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The longest partial lunar eclipse of the CENTURY will take place on Friday morning

The longest partial lunar eclipse of the century will take place on Friday morning, making the moon appear red for up to 3.5 hours. 

It will darken the moon for most of the planet on November 19, with up to 97 per cent of the moon slipping into Earth’s shadow.

The best place to view the eclipse will be North America, where almost all of the 3.5 hours will be visible, as it will be nighttime when the eclipse begins. 

‘This is an exceptionally deep partial eclipse,’ EarthSky explained, leaving just a thin sliver of the moon exposed to direct sun light at the point of maximum eclipse. 

The rest of the moon will take on a reddish, rust colour, typical of a total lunar eclipse and caused by light waves from the sun being filtered by Earth’s atmosphere. 

According to the Royal Observatory, Greenwich, the partial eclipse will be ‘barely visible in the UK’ as it occurs when the moon is close to or below the horizon. 

The longest partial lunar eclipse of the century will take place on Friday morning, according to NASA, making the moon appear red for up to 3.5 hours. This is a lunar eclipse seen in China in May 2021

According to the Royal Observatory, Greenwich, the partial eclipse will be 'barely visible in the UK' as it occurs when the moon is close to or below the horizon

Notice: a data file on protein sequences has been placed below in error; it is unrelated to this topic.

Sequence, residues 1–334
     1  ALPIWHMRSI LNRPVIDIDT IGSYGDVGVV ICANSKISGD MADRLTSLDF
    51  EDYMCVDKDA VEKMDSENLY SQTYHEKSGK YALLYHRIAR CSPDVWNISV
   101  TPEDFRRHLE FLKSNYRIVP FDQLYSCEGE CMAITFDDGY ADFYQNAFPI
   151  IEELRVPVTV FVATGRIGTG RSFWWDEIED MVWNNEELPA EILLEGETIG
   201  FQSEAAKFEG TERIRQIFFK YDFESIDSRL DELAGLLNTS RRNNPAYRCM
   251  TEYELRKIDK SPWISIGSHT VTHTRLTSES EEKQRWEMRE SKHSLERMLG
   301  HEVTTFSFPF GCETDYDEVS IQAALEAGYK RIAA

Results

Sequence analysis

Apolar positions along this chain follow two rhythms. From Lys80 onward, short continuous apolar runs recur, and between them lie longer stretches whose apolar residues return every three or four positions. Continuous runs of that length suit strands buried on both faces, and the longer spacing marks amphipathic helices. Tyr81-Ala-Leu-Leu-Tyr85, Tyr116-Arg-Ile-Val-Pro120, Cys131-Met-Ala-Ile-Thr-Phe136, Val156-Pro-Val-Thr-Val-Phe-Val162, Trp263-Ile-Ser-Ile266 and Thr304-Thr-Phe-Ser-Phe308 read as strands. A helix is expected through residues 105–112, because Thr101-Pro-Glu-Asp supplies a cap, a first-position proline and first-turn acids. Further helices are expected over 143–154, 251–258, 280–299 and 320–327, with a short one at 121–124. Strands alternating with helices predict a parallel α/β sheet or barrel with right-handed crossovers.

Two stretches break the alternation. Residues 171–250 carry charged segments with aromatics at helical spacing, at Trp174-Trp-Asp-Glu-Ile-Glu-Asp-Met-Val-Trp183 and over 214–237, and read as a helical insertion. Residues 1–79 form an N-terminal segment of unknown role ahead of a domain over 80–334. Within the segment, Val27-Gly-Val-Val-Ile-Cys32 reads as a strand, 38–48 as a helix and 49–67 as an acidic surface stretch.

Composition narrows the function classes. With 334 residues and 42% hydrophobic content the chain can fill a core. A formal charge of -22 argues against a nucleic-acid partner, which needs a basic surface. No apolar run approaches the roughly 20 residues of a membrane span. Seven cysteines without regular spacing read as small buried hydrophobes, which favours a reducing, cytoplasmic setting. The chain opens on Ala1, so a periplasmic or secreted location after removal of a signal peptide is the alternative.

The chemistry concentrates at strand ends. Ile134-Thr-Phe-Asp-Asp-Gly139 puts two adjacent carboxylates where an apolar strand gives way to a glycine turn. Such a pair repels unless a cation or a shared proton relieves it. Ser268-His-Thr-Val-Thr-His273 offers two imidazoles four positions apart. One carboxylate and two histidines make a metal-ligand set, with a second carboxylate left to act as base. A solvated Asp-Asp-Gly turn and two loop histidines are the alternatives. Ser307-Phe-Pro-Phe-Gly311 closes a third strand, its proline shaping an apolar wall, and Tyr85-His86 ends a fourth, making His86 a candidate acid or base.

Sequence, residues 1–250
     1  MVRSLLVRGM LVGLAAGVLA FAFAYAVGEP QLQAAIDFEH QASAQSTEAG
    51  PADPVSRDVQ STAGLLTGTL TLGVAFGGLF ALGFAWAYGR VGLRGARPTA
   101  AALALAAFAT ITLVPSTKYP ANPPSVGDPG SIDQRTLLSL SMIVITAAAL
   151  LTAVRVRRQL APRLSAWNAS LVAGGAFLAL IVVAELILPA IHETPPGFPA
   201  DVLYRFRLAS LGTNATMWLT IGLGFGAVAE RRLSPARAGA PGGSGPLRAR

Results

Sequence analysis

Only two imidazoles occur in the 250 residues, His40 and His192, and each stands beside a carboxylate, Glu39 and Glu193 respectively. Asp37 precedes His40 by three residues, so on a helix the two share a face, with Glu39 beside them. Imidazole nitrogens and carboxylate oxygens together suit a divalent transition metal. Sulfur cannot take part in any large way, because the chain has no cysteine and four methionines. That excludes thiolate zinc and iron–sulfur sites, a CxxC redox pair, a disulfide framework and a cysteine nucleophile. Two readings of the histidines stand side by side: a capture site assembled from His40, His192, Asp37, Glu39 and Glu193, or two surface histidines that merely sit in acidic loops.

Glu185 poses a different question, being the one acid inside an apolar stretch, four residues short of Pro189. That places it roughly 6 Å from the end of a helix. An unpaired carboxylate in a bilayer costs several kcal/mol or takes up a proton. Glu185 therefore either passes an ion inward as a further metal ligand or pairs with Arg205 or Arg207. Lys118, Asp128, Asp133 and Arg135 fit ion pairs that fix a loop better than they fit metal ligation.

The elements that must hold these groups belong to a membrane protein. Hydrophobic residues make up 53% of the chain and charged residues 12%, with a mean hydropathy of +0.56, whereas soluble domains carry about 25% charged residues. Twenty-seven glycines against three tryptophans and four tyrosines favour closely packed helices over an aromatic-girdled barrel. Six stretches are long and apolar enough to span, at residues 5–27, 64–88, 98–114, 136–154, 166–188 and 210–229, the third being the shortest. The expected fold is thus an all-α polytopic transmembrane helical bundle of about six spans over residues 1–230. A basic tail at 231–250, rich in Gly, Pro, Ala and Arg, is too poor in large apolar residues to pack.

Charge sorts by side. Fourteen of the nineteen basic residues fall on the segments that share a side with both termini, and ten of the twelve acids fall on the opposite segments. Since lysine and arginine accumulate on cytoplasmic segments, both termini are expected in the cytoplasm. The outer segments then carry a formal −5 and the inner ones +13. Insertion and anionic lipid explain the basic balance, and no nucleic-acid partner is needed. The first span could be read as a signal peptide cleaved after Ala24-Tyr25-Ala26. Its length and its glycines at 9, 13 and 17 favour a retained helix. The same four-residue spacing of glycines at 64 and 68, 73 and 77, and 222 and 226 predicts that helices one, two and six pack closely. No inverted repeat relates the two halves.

According to the Royal Observatory, Greenwich, the partial eclipse will be ‘barely visible in the UK’ as it occurs when the moon is close to or below the horizon

What is a lunar eclipse? 

An eclipse occurs any time a planet or moon passes between another planet, moon or the sun.

Depending on their orbits, they can be total or partial.

A lunar eclipse is a specific event which happens when Earth lines up directly between the sun and the moon.

When this happens, Earth blocks the light from the sun to the moon. Earth’s shadow then falls on the moon.

During a lunar eclipse, we can see Earth’s shadow on the moon.

They can last for several hours, but it is rare for a period of total eclipse to last longer than 100 minutes.  

At least two lunar eclipses happen every year.

People living in North America will see the partial eclipse in its entirety, with those in western Asia, Australia and New Zealand missing the early stages.

Moonset happens in South America and Western Europe before the eclipse ends, so will miss the later stages, and it won’t be visible at all in Africa or the Middle East. 

It will be at the point of greatest eclipse, with 97 per cent of the moon covered by Earth’s shadow, at 09:02 GMT when the moon is best viewed from Hawaii.

The earliest stages of the eclipse will begin at 06:02 GMT on November 19, with the moon gradually becoming more obscured from 07:18 GMT, ending at 10:47 GMT. 

The time of moonrise and moonset will determine how much is visible from any given location, and in the UK the moon sets at 07:24 GMT on Friday, well before the point of maximum eclipse.